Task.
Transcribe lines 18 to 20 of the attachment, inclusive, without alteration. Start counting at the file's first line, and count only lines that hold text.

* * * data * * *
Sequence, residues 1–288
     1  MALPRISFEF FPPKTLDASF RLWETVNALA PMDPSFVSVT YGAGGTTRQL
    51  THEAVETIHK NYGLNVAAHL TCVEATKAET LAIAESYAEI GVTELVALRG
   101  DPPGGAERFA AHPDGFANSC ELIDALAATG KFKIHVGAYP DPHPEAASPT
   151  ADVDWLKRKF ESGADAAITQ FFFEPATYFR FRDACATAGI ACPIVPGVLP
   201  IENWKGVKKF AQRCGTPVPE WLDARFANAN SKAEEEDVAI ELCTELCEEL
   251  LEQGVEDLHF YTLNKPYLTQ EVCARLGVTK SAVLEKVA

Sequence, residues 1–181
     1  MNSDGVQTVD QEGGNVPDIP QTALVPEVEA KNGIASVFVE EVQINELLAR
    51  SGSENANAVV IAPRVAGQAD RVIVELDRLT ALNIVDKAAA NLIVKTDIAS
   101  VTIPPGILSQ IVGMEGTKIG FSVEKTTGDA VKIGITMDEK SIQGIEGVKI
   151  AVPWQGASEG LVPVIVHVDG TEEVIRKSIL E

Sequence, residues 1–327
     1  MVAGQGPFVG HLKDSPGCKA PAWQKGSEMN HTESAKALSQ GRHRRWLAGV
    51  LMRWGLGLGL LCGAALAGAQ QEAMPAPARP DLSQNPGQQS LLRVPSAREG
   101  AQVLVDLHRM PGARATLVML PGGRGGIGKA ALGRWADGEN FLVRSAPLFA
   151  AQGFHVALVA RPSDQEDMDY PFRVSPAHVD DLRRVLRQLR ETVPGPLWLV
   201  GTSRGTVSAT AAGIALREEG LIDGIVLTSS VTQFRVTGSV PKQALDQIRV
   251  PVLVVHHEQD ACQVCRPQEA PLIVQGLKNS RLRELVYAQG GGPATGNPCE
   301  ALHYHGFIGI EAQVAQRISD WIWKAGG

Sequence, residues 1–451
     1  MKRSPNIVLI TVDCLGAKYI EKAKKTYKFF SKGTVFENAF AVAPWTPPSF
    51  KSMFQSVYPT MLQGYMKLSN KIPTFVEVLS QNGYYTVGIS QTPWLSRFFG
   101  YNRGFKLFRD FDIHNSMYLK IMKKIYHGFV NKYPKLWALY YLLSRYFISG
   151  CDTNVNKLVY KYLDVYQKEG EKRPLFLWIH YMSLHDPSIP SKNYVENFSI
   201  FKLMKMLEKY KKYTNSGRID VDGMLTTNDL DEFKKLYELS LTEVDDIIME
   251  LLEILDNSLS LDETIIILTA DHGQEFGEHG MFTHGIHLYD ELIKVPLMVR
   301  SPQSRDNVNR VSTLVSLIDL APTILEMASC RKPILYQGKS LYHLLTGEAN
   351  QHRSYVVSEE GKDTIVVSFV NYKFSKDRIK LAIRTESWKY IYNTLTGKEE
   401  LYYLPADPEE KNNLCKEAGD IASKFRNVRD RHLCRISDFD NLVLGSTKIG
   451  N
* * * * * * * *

   201  GTSRGTVSAT AAGIALREEG LIDGIVLTSS VTQFRVTGSV PKQALDQIRV
   251  PVLVVHHEQD ACQVCRPQEA PLIVQGLKNS RLRELVYAQG GGPATGNPCE
   301  ALHYHGFIGI EAQVAQRISD WIWKAGG